The zombie apocalypse has come, but the everyday mundane rituals of life continue. For instance, NPR is still broadcasting (and providing exposition), which is about as dull and trivial as life gets. The cities are like demilitarized zones, but those who reside in the countryside continue on relatively undisturbed—unless one of their family members is infected. A rugged Iowa farmer with an Austrian accent must deal with his daughter’s painful transition, ominously known as “the turn,” in Henry Hobson’s Maggie (trailer here), opening this Friday in New York, following its world premiere at the 2015 Tribeca Film Festival.
Like many infected teens, Maggie Vogel ran off to the big city rather than putting her family through the pain of her turn. Checking into one of the nightmarish government field hospitals is not an option, but unfortunately that is where she is forcibly detained until her father finds her. While she is still lucid, she will have time to make her goodbyes to family and friends, but it clearly will not be easy.
Maggie always adored her twin step-brother and step-sister and got on reasonably well with her step-mother. However, Caroline Vogel’s top priority is clearly protecting the twins, which creates friction with Wade. The local sheriff and his jerkweed deputy are also anxious to whisk Maggie back into custody, but it is hard argue with a man the size of Wade Vogel, who is holding a shotgun. Vogel obviously intends to cling to every last hope and does not care what some county employee thinks about it. However, Maggie Vogel is only too aware of the reality of her situation, because she can see it in the mirror.
There have already been a number of anti-genre deconstructions of the zombie film, such as BBC America’s post-zombie cure series In the Flesh and the Canadian feature The Returned, so Maggie’s focus on the intimate human drama of the zombie uprising is not so unusual anymore. Still, Hobson (the title design for The Walking Dead) and screenwriter John Scott 3 carve out a small niche, where zombies are contained (more or less), but not cured. Still, what makes Maggie work so well is the first rate cast.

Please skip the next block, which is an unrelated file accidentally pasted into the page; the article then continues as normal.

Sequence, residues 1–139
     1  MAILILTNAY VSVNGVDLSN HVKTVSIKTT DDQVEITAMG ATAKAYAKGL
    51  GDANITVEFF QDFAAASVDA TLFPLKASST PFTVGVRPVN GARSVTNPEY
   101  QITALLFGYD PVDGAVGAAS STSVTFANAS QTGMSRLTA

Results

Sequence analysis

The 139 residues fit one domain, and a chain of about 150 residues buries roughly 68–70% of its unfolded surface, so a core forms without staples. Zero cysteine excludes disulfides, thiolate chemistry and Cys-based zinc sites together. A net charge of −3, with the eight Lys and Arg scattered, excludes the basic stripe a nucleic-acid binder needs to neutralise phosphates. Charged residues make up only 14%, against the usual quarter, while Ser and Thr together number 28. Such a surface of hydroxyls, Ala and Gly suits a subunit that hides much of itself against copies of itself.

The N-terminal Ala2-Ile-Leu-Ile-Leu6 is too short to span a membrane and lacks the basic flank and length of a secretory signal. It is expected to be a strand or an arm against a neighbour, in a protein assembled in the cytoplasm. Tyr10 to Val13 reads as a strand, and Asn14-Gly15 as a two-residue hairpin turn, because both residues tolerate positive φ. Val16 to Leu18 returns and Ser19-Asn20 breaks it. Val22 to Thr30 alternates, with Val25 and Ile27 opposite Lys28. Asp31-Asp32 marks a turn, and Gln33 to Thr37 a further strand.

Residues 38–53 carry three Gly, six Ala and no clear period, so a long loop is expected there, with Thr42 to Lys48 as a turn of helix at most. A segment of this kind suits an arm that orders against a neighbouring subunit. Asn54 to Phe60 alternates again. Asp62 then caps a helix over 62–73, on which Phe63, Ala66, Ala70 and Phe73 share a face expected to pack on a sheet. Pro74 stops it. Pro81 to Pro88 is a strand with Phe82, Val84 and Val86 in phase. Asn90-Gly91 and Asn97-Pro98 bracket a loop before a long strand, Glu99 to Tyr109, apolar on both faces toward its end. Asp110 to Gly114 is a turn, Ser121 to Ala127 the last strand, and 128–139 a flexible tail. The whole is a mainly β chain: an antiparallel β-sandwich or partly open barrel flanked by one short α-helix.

Believe it or not, that starts with Arnold Schwarzenegger. This is finally the sort of film he should be pursuing for his post-politics return to the big screen. Let’s face it, he was a disappointing governor who just continued all the fiscal problems he promised to stop, but he still has an awful lot of accrued good will with movie fans. Up until Last Action Hero he was batting nearly one thousand, if we make allowances for Red Sonja. He has a reassuring screen presence that gives comfort and inspires confidence. As Vogel, he is able to build on that reservoir of good feeling, creating a surprisingly tender portrait of a father facing the unthinkable.
As the titular Maggie, Abigail Breslin gives a refreshingly smart and subtle performance, conveying a powerful sense of how quickly she has grown up as she faces her fate. Although she is likely to be overlooked, Joely Richardson is also terrific as the step-mother trying her best, despite her very human failings. In fact, it is the intelligent, heartfelt rendering of the Vogel family dynamics that really elevates Maggie.